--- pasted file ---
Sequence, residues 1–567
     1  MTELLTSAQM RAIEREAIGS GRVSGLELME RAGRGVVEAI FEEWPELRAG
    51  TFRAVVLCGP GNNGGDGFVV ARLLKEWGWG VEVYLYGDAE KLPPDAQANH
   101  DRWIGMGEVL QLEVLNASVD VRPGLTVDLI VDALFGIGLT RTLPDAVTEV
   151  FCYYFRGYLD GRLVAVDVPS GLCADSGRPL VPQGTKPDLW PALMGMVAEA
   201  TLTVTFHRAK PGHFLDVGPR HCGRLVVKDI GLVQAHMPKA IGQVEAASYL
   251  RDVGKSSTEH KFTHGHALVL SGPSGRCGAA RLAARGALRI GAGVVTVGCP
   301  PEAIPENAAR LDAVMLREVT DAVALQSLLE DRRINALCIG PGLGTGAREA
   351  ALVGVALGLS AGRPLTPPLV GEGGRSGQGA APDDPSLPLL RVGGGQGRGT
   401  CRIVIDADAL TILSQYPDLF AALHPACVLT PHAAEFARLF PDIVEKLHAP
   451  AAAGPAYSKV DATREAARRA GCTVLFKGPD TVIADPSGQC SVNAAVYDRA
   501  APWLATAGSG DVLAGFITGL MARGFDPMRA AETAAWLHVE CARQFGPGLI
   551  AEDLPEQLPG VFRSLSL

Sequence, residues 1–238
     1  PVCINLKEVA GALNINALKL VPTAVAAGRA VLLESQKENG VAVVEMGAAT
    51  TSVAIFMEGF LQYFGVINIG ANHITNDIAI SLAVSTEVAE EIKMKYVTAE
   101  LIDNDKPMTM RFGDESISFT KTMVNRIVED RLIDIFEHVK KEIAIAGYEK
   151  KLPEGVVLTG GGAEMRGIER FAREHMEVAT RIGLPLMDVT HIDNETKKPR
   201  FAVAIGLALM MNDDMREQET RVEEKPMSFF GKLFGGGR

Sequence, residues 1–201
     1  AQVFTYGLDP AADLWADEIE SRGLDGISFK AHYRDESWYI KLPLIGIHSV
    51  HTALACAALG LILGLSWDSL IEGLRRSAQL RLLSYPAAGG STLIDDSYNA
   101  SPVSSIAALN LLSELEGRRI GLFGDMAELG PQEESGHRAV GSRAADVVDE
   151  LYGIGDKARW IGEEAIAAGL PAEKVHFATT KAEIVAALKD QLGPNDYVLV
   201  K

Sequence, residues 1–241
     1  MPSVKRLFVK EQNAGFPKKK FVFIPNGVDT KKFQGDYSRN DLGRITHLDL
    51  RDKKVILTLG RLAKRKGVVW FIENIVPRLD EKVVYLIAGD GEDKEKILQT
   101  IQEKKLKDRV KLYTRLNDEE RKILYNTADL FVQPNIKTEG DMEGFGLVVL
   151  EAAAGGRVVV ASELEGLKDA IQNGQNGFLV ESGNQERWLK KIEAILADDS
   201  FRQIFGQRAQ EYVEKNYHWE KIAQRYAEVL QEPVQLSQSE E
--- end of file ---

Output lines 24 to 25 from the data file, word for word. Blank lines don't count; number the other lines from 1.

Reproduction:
   151  LYGIGDKARW IGEEAIAAGL PAEKVHFATT KAEIVAALKD QLGPNDYVLV
   201  K